To solve the problem, you need to have better footwork to quickly move yourself to setup so that you can hit the ball in your hitting zone all the time.

05-08-2007, 10:40 PM
To hit with a beginner first needs your patience and interest. If you don't enjoy it, by all ways avoid playing with them. Their shots are so unpredictable that they hit a lot of winners because you don't wanna run for it, but you keep on feeding them easy balls only seeing winners and line balls come back.
With patience and interest, you have to run around to reach their ball and practice your shots. Since you said you only played 2 months, you probably like the style of your hitting partner, so any other style including the beginner's, and especially theirs, will surprise you. You'll find different ways to handle different players in time.

another way is to play games and sets. this is when you beat them and take it seriously and let them know why they are beginners without all the unexpected winners' glory.

05-08-2007, 11:19 PM
Thanks for the response. I guess I would try to play with the 3.5 level friend as much as he is all right with it. And I will practice very hard to get myself separated with the crowd.

Currently part of my frustration when playing with the noob is that I thought after intensively practing for a month with a coach, I think I should at least be better than the noob friends. But I guess I need to be patient about my progress. And plus that some of your points might be true about that the noobs shots are so random that it takes quite some skills to keep the rally going.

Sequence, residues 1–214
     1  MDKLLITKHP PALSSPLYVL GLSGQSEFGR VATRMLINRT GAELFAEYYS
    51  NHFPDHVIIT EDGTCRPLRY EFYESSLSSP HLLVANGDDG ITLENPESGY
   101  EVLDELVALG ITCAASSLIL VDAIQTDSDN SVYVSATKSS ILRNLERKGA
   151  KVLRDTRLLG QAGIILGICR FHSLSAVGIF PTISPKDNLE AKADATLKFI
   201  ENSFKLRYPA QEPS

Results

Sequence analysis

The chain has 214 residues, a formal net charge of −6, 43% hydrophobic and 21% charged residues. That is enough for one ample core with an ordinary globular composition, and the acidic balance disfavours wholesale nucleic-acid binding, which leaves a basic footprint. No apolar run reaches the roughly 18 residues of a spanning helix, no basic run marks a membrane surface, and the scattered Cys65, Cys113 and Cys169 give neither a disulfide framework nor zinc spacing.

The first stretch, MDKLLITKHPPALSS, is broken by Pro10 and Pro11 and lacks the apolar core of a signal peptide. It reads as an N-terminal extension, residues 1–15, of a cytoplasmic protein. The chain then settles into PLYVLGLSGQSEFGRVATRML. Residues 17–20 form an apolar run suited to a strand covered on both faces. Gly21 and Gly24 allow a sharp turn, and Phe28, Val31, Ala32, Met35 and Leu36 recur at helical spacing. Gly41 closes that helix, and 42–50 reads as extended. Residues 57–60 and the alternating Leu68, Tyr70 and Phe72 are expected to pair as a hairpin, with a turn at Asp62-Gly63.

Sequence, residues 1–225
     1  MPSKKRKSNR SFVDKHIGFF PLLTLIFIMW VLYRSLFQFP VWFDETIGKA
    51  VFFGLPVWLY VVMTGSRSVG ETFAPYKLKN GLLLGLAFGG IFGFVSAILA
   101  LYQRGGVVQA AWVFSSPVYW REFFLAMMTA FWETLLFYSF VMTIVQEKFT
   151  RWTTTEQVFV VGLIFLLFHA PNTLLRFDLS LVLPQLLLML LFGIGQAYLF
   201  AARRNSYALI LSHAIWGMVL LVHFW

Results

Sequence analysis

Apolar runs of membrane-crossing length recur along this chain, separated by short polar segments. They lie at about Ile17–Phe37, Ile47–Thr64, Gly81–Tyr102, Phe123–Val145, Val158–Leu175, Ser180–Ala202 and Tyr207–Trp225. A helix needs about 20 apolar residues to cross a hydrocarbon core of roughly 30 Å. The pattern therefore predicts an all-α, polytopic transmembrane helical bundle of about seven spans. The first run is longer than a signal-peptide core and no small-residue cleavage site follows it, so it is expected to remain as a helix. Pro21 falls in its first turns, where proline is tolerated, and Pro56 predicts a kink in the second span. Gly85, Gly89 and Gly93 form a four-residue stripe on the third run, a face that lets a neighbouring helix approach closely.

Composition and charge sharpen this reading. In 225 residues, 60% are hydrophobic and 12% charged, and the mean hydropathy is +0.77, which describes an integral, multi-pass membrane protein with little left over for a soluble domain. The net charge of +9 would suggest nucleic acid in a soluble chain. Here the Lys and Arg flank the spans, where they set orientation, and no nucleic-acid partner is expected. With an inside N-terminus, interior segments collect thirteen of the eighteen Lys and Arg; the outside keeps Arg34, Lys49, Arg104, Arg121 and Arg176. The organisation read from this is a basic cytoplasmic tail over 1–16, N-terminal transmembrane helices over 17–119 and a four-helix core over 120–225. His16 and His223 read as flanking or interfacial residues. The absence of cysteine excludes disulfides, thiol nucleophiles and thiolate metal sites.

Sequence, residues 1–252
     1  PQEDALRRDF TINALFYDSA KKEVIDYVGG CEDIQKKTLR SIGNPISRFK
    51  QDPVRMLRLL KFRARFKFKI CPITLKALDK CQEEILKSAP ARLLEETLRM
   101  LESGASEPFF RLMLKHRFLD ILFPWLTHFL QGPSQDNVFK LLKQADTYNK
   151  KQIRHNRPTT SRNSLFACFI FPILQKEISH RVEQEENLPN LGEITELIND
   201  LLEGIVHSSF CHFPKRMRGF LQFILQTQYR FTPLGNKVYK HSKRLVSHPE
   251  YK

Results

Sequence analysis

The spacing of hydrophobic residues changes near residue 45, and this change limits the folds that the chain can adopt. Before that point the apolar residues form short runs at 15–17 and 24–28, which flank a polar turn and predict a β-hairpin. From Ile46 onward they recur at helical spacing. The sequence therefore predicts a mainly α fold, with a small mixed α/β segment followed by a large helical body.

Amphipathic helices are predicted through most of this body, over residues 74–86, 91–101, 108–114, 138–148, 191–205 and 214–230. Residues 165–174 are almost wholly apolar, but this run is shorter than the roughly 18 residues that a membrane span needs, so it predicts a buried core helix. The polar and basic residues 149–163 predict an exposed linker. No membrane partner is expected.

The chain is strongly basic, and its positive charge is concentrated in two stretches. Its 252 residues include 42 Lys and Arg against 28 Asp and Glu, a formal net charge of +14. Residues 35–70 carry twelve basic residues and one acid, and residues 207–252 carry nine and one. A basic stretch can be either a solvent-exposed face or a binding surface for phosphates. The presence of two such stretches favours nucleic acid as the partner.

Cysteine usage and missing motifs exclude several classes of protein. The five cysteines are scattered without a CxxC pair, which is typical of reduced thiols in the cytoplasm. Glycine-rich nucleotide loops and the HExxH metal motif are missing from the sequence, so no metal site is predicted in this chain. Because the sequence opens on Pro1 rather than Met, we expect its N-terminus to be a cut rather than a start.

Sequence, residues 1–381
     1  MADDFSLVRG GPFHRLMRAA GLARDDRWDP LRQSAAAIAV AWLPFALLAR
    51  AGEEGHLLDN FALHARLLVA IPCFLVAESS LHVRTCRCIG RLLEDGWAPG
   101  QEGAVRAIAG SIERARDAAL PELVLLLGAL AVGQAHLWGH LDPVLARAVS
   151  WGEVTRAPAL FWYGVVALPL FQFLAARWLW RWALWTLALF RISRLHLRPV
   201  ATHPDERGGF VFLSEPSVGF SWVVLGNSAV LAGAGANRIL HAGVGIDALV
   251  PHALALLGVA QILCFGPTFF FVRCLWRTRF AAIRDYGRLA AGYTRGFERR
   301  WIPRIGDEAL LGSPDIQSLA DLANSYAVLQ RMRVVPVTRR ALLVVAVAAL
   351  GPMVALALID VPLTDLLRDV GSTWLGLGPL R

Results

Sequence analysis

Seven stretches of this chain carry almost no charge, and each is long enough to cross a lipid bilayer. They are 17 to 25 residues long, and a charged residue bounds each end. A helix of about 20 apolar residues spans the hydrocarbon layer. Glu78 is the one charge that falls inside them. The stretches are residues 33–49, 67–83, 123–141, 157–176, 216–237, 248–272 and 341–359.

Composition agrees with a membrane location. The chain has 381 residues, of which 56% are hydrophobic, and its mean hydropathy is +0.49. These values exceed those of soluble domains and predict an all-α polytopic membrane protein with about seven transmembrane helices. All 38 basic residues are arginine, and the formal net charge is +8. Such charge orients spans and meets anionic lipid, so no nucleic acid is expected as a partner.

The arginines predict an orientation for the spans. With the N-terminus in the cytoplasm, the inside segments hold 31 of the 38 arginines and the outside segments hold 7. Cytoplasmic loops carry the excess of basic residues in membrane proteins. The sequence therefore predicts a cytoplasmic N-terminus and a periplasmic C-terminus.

05-08-2007, 11:29 PM
Ever seen a major league baseball game where a young rookie pitcher will throw 95 mph fastball on every pitch and blow by everyone in the first two innings, and then everyone starts hitting doubles and HRs thereafter?
A 3.5 is capable of delivering the same shot to you over and over, and you get used to the rhythm.
A noob is like a pitcher who throws the ball into the stand or into the dirt on every other pitch, and you never get into a rhythm as far as hitting is concerned.

05-09-2007, 06:13 AM
as stated before, footwork, footwork, know your comfort zone. so either move up and back accordingly. once you get used to reading the balls that are coming at you, you'll be better at getting them back.

05-09-2007, 06:36 AM